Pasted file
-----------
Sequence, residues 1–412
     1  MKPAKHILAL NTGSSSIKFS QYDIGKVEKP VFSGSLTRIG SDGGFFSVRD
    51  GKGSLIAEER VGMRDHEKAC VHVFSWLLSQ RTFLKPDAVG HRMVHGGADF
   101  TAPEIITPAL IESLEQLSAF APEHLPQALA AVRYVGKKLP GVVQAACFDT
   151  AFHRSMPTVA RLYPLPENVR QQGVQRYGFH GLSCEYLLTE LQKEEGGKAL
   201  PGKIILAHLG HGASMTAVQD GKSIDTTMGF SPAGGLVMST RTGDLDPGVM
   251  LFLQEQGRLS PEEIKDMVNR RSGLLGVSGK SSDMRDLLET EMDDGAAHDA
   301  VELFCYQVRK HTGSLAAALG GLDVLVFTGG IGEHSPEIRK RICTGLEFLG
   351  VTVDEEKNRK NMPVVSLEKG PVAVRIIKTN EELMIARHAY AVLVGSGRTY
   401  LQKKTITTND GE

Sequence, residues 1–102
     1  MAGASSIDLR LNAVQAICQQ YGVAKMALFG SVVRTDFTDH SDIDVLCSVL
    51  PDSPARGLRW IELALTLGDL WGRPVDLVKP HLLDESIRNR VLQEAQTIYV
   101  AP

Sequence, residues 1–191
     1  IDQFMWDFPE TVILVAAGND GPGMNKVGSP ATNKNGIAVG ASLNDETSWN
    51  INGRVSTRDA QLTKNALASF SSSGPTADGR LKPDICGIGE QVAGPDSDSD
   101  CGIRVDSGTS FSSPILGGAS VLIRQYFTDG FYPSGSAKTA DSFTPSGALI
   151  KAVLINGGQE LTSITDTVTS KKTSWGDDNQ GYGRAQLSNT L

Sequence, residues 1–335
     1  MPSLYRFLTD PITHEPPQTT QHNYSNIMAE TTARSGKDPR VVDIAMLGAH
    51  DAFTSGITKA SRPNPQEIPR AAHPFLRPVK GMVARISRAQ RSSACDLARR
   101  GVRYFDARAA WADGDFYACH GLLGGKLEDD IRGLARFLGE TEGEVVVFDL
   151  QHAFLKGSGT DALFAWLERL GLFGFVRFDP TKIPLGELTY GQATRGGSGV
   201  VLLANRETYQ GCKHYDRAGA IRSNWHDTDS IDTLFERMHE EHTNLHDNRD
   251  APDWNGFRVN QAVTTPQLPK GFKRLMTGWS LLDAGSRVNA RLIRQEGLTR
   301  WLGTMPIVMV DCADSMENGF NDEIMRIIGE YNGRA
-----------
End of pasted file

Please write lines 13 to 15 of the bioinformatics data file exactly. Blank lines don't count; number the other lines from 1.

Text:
    51  PDSPARGLRW IELALTLGDL WGRPVDLVKP HLLDESIRNR VLQEAQTIYV
   101  AP

Sequence, residues 1–191